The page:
The US Government has dismissed President Cyril Ramaphosa’s criticism that it has imposed sanctions on the Chinese company Huawei’s 5G technology because it is “jealous” of Huawei’s superiority and not for security reasons as it claims.
Huawei’s 5G technology was not superior or unique and the US was able to access the same technology through “trusted” companies, such as Finland’s Nokia, Sweden’s Ericsson and South Korea’s Samsung, said Robert Strayer, US deputy assistant secretary of State for cyber and international communications and information policy.
He also explained that the US was banning Huawei’s 5G technology because the company had no power to resist the Chinese government demands for it to help the state with cyber espionage.
Strayer was briefing global media in a telephone conference from Washington on Thursday 11 July 2019.
Last week at the G20 summit in Osaka, Japan, Ramaphosa, reportedly after lobbying from SA’s four major telecom operators, backed the Chinese government in its row with the US over Washington’s ban on Huawei 5G technology.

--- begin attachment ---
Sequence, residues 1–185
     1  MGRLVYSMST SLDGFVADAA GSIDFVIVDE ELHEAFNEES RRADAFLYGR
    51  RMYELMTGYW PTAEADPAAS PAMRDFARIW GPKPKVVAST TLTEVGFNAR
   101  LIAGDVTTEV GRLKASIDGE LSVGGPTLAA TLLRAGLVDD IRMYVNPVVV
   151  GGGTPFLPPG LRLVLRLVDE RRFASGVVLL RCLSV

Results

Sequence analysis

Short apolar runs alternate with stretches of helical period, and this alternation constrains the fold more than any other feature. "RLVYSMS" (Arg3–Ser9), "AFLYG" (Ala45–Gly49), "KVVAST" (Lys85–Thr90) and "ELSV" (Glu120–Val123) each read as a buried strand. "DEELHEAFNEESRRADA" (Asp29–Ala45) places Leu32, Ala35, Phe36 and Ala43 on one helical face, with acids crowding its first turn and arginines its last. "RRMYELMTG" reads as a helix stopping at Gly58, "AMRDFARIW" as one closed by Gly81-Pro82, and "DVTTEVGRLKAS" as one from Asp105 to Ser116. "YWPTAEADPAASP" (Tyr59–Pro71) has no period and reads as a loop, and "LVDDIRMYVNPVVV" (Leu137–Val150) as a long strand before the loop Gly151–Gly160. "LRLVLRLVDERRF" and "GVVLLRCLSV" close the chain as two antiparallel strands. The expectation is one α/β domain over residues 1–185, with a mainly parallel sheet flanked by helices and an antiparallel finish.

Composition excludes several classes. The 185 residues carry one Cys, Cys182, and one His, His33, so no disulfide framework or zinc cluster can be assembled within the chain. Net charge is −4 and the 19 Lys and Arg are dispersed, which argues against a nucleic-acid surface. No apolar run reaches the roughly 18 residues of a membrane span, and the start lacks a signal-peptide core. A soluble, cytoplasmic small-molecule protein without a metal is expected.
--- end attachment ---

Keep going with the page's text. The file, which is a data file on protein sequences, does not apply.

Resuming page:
And at a later conference back in South Africa on the 4th Industrial Revolution, Ramaphosa said:
“The US has been unable to imagine a better future that goes beyond four plus one G, where they have been unable to imagine what 5G has to offer.
“They are clearly jealous that a Chinese company called Huawei has outstripped them and because they have been outstripped, they must now punish that one company.”
He went on to accuse the US of using Huawei as a pawn in its economic battle with China.
“We cannot afford to have our own economy being held back because there is this fight that the US is having,” Ramaphosa was reported as saying.
Daily Maverick asked Strayer to comment on Ramaphosa’s remarks and in particular to say whether the US was able to acquire the same sort of 5G technology from companies other than Huawei.
“There’s a worldwide market for 5G equipment, including what they call the radio access network,” Strayer replied, adding that it was untrue that Huawei was the only company worldwide that was ready to roll out 5G.